CAMBRIDGE: Foreign policy in today’s world increasingly falls under the jurisdiction of investment bankers. Read about the future of Russian reforms, or the prospects of Chinese democracy, and as likely as not the commentators will be investment bankers. Obviously, these international money managers must constantly follow the news to make their portfolio decisions. But it’s equally true that these portfolio decisions are now determining the news, not merely following it. When money managers panic about economic prospects in one economy or another, they can create economic havoc and political chaos.
The dialectic of money and international politics was revealed again this week in Russia. The international money managers had decided that Russia was at the brink of the economic cliff. These investors were therefore stampeding out of Russia just one year after they had poured large sums into Russia. The huge and sudden outflow of money from Russia in turn threatened to force the Russians to devalue the Russian Rouble.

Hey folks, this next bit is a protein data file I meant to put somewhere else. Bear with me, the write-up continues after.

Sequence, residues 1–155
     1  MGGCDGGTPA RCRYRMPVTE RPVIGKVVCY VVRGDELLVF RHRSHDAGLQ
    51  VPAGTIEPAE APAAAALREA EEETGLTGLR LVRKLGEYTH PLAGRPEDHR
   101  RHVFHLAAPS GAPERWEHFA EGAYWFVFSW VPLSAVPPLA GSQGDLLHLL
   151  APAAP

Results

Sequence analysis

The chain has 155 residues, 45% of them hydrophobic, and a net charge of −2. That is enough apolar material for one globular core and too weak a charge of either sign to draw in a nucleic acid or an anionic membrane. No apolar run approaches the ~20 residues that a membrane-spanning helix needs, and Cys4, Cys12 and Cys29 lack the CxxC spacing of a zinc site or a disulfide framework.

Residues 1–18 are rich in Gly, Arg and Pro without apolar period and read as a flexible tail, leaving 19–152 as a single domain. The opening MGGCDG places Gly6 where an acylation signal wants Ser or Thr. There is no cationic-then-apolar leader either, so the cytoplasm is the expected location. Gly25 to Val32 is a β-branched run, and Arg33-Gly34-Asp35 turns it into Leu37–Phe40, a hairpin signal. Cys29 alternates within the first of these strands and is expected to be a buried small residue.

The investment bankers told us that such a devaluation would be a disaster for Russia, by provoking inflation, a loss of confidence in the government, and perhaps political crisis. Western governments believed this argument, and responded by offering Russia another $17 billion in loans from the International Monetary Fund, the World Bank, and some other sources. This money will now be used in part to repay foreign investors that are taking their money from Russia. Thus, the investors will get their money out, and Russia will avoid a devaluation . . . at least in the short run.
This bailout procedure, now familiar from similar bailouts in Mexico and Asia, raises several serious questions. Who is really helped by such actions? Will the bailout solve Russia’s problems? Will such bailouts encourage future irresponsibility in lending?